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Accountability and transparency are essential to democracy. As Eugene’s mayor, I invite you to explore with me the potential benefits of a performance auditor to improve the effectiveness of city government and build the community’s trust in our public process.

How tense is it in Salem right now?  The governor just hired a crack team of medical specialists called cranio-proctologists to investigate the alleged legislative leadership. There’s ample evidence that the state Capitol is about to explode. And with less than a few weeks until the July 10 sine die date for adjournment, something needed to be done.

Now based in Brooklyn, songwriter Lucy Marie Horton grew up in Vancouver, Washington. She says she didn’t experience catcalling until she moved back East. 

I don’t trust anyone who doesn’t from time to time like to feel sad — to occasionally pull melancholy over themselves like a warm blanket or, on a warm summer day, bathe in it like a cool, dark room. 

While not as well known as Jay Gatsby or Huckleberry Finn, Mama Rose is one of the defining characters of American literature. At once a hustler, a social climber, a visionary and an imposter, the hard-edged protagonist of the classic 1959 Broadway musical Gypsy would sell not only her soul, but her children’s souls as well, to break the bonds of dull poverty and rise to wealth and stardom, vicarious or otherwise.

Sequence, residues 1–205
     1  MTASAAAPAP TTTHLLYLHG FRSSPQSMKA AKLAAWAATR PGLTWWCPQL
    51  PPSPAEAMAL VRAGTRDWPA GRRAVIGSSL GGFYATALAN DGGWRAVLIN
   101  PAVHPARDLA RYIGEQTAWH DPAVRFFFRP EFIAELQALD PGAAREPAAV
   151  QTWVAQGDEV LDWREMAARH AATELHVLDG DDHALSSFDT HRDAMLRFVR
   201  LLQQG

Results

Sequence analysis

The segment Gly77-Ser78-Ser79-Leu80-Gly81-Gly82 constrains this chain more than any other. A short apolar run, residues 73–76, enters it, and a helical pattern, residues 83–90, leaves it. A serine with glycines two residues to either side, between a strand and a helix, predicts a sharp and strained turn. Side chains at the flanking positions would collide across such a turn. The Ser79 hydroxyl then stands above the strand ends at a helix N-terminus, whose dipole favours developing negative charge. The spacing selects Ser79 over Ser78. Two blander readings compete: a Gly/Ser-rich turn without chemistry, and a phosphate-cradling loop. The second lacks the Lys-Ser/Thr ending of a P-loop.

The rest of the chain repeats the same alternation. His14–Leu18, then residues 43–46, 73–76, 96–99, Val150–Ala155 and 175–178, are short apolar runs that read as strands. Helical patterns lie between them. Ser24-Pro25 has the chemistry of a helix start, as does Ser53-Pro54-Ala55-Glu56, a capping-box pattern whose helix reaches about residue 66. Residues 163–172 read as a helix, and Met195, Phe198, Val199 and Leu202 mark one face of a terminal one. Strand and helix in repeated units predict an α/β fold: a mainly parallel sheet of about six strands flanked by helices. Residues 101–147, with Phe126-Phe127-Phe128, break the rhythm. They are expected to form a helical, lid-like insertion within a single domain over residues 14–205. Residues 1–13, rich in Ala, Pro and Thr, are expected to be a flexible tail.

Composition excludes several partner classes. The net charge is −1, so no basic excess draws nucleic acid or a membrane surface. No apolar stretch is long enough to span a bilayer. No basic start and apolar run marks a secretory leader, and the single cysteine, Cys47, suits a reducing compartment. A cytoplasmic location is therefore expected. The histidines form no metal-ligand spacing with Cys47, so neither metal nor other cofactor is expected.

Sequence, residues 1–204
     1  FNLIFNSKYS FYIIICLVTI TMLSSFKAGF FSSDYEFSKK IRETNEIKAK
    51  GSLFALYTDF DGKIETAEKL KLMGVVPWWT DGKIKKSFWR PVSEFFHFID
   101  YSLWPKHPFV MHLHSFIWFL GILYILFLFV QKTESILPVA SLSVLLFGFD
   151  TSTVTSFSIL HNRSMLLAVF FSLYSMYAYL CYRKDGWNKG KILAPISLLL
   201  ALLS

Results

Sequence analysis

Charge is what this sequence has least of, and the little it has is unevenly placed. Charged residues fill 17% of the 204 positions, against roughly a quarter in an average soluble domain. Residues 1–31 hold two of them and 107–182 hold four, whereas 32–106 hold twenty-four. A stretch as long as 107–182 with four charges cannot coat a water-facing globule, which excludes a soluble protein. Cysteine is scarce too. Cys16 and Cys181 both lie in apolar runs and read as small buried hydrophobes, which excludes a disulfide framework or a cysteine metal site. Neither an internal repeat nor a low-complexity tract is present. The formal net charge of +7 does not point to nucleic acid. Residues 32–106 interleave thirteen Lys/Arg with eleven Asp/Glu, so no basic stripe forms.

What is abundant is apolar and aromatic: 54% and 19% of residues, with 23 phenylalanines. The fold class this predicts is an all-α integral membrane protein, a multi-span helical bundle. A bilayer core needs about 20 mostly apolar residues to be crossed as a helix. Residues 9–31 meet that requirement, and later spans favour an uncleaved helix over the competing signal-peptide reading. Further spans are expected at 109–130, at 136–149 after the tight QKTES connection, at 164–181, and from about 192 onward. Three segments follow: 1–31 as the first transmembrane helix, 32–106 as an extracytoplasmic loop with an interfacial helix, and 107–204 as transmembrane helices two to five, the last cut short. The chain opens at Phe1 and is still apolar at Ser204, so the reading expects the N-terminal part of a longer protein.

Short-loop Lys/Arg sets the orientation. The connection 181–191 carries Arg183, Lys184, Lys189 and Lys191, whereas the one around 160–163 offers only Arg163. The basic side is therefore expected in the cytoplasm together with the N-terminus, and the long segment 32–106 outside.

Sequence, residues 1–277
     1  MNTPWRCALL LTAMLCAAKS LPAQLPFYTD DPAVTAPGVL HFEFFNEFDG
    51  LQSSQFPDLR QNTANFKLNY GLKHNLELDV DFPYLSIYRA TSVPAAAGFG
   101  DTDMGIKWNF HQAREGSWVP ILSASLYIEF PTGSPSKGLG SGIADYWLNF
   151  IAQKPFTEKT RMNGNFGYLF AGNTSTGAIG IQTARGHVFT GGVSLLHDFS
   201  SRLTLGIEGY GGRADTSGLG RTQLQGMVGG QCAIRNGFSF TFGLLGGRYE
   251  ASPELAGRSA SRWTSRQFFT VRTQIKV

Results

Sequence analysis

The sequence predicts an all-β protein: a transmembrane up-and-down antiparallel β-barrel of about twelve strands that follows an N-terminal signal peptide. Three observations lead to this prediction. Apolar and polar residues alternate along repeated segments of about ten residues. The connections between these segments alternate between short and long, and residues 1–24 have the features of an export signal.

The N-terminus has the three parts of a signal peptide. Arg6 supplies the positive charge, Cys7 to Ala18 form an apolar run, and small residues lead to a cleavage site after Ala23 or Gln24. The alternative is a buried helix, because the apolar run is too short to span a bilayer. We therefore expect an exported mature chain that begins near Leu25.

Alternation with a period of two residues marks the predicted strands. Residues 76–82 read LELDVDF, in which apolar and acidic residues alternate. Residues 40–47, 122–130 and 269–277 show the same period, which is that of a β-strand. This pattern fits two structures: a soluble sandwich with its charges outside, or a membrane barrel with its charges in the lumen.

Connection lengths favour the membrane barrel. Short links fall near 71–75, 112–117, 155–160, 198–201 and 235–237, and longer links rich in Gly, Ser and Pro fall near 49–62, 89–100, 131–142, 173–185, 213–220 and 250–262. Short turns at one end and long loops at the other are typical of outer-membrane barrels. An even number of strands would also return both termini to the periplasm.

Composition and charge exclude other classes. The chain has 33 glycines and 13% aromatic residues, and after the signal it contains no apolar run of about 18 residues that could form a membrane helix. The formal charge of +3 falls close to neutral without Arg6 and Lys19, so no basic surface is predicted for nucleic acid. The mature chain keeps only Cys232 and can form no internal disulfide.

MEATY COMMENTARY

It is clear that EW enjoys trolling “sensitive types” — it gets people talking about the newspaper. But I thought opening your article about a food truck with, “Butchering — cutting down an animal for food — is an art, a calling, a passion,” is creepy and demands comment.

The title of Very Little Theatre’s latest mainstage show, Perfect Wedding, is a bit of an oxymoron: There’s no such thing.

What do you want to be when you grow up? It’s a question asked of children, and they know to pick just one thing. Sometimes it works out that way. You decide on a profession or fall into a job, and then stay in it the rest of your life.

I am a 34-year-old straight woman. I’m monogamous and have an avoidant attachment style. I’ve been seeing a guy I really like. He’s just my type, the kind of person I’ve been looking for my whole life. Thing is, he’s in an open relationship with someone he’s been with for most of his adult life. He was sneaky—he didn’t reveal he was in an open relationship until the second date, but by then I was infatuated and felt like I wasn’t in control of my actions.

If you found yourself at dinner with Donald Trump, what would you do? Grit your teeth and get through it, not wanting to upset or inconvenience your hosts? Drink until liquid courage prodded you to say something? Fantasize about taking the future of the world into your hands?

 I visited the state Capitol last week to see the zombies in action. The hallways were empty, even the lobbyists weren’t around. So I did the practical thing and had a beer with my state senator, Floyd Frank Prochoiceski, and former senator Jackie Dingfelder. Floyd described the lack of communication among the members and their respective caucuses. Succinctly speaking, Salem sucks.

On May 30, Lincoln County passed ballot measure 21-177, a measure banning the aerial spraying of pesticides, making it the first county in the nation to do so. A group in Lane County is looking to enact a similar ban.

I’m peering in at a cluster of dusty, nervous sheep in a cattle chute while standing next to sheep farmer Lynne Miller. She just drove four of her lambs down from Corvallis to the Mohawk Valley Meats slaughterhouse outside Springfield.